The Global Jobs Crisis: Jobs in Asia?

Thursday, October 28, 2010 1:56 PM By Stephen J Christophers

Talking about the current jobs crisis and options for foreigners in Asia: from northern China to Singapore, job options for foreign nationals are limited if not tied to, predominantly education, universities, middle schools and teaching English as a second language. This protects the indigenous labour market, while holding no racist stigma, and helps in turn to provide language tools to further exploit western markets. In a drive to export and expand business networks overseas, and for the region. The protectionist values set for the local Asian job markets by governments within the region, puts a cap on the influx of foreign nationals, who might otherwise demand higher salaries, which in turn, raises the export values of commodities into the international trade and export market, used to sell cheap Asian goods to the world.

Export, well beyond tourism, is one of the key facilitators of international business and economic relationships with western countries, in Asia. This relationship relies on low export prices for a larger export market share - higher demand creates more jobs - and a vibrant, if not well paid work force in countries that feed off of the export dollar.

Exceptions are found in three key areas: One, the flow of capital, where capital flows into an Asian country there is the option to fill positions with foreign nationals on international pay scales, only if the company in respects to China for example is a joint venture with a 51% Chinese ownership and is foreign funded; Or, in regards to Thailand; the company is foreign owned and employs on a 4-1 ratio, Thais to foreigners, with restriction much like China with regards to foreign owned business; Two, Knowledge transfer; Three, language. nevertheless these exceptions offer little long-tern advantages or stability for westerners living in the Asian region - whether a business or individual - it shields the domestic Asian markets from any form of profit making domestically by foreign enterprise.

One of the Key problems here is that with a reliance - in the west - on a the consumer goods market; while on the other hand neglecting the service industry as a potential jobs market and failing to value IPR, we leave our selves open to exploitation: investing in education, but not just education ... reprogramming our consumer market mindset to invest more in services, and people. Rather than a new iPhone. Employing, measures that can be taken on to build wealth and investment for us, not Asians. Asia will not do this for us, but nevertheless, it does a great job in protecting for their personal macro economic benefits, and the benefit of Asians, at our expense, with our help.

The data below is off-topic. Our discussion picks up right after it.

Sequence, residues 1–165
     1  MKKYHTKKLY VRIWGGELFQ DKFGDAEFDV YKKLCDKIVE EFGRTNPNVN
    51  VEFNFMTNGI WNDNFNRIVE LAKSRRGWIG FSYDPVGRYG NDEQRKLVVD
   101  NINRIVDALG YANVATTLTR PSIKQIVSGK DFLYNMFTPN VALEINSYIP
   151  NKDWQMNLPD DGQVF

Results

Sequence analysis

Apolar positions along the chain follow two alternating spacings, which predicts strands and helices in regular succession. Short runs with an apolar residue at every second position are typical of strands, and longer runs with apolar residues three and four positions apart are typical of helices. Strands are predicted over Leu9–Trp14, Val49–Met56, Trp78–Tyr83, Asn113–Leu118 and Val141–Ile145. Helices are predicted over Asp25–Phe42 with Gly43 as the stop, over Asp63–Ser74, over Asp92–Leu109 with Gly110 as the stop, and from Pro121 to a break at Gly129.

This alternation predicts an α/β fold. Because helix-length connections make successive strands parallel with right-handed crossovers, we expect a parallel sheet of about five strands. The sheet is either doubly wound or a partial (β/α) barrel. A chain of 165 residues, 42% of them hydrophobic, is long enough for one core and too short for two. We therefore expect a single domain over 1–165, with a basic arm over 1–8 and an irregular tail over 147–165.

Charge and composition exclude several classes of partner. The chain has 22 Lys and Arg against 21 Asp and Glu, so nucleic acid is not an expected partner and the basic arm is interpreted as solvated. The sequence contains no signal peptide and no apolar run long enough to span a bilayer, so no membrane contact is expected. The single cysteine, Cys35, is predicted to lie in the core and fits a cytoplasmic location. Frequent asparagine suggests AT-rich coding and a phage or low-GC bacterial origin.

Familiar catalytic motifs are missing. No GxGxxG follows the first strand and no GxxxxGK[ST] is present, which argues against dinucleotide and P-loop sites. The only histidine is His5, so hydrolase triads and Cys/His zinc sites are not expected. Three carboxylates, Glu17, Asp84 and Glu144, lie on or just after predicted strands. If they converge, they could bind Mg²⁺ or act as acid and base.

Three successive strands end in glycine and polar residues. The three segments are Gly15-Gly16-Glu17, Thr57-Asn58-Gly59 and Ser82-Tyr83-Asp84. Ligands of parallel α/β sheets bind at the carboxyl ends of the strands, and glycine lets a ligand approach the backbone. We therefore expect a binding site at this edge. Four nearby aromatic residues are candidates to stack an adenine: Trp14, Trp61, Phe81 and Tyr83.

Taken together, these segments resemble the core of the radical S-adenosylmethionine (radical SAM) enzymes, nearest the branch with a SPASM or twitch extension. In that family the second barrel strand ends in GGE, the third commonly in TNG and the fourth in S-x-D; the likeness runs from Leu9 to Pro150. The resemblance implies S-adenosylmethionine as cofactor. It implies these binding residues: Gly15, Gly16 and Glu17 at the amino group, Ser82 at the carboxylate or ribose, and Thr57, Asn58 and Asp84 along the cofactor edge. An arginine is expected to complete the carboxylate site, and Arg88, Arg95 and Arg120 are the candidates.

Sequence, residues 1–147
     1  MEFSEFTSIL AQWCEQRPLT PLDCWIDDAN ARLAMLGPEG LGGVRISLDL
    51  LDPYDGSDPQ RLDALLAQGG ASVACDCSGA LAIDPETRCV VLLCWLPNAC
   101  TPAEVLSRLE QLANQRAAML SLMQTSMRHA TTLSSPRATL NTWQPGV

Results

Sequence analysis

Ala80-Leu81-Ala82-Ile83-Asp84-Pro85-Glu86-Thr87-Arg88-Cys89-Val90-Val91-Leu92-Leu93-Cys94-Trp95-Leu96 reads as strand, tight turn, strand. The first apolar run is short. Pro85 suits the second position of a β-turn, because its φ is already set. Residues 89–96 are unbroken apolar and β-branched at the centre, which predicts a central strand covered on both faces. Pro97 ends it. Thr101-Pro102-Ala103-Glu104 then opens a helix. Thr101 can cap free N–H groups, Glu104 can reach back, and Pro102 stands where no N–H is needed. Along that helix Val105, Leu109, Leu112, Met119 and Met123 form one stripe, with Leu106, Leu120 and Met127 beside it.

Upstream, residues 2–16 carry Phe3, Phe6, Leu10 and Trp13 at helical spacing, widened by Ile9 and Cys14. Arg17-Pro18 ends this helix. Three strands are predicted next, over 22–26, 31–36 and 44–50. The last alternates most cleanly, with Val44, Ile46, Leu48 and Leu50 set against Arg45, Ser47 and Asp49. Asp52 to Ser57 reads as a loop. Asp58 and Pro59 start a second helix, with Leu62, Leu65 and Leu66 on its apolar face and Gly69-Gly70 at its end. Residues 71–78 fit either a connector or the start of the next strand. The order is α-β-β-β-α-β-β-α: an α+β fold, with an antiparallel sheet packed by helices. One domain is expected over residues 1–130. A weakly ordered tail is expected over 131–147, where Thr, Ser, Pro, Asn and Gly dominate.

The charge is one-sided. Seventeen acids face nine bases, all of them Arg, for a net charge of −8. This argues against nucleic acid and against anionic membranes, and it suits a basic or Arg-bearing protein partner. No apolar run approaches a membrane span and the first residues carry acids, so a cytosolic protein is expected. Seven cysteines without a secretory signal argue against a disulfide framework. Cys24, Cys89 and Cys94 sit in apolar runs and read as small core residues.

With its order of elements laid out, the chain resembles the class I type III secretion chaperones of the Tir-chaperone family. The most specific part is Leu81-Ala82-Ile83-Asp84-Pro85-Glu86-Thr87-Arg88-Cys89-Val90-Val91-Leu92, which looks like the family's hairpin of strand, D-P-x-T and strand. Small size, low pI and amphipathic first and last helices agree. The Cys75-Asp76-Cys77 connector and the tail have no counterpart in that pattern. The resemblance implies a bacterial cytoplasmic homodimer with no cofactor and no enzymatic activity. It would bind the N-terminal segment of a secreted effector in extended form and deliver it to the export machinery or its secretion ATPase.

All this gets me thinking ... how intelligent are Asians? It's a little like handing over the keys to your farm house, and saying: Hey, your welcome to take what you want and come work for us at harvest time, for top rates. And in reply are told: Thanks, we will ... your welcome to buy any of our produce any time, also. But, if you want a job don't come knocking here, we only want you buying our produce.

Locking westerners out of Asia's fiscal economic loop is bright, why is it we don't the same? - create wealth for US. Meanwhile, Asia is taking advantage of our open door; and furthermore, this takes advantage of our "political correct" culturisms and laughs in the face of our inability to draw the line anywhere, turning commonsense and none issues into racist or protectionist politics.

There is such an easy way to beat this mentality, and simplify: next time you see an Asian in a job working, in your country ... don't be shy ... ask them ... what do you here? Do you work as a kindergarten teacher or teaching Chinese? ... If not, then start a debate. Political correctness is like Chinese Face ... it's something to get over, it hides systemic corruption and paints over the cracks.

I personally, love Asia, I love Asian people. I want to live and work here, even if it takes a salary correction, to take advantages of the depth of culture and diverse life style. Nevertheless, in a position that reflects my skill level, the same privilege we offer Asians in our country. When Asia is a one-way financial system, we need to ask: How much do they love US? ... Or is it that, they're just another financial rapist in a Sichuan Opera Mask?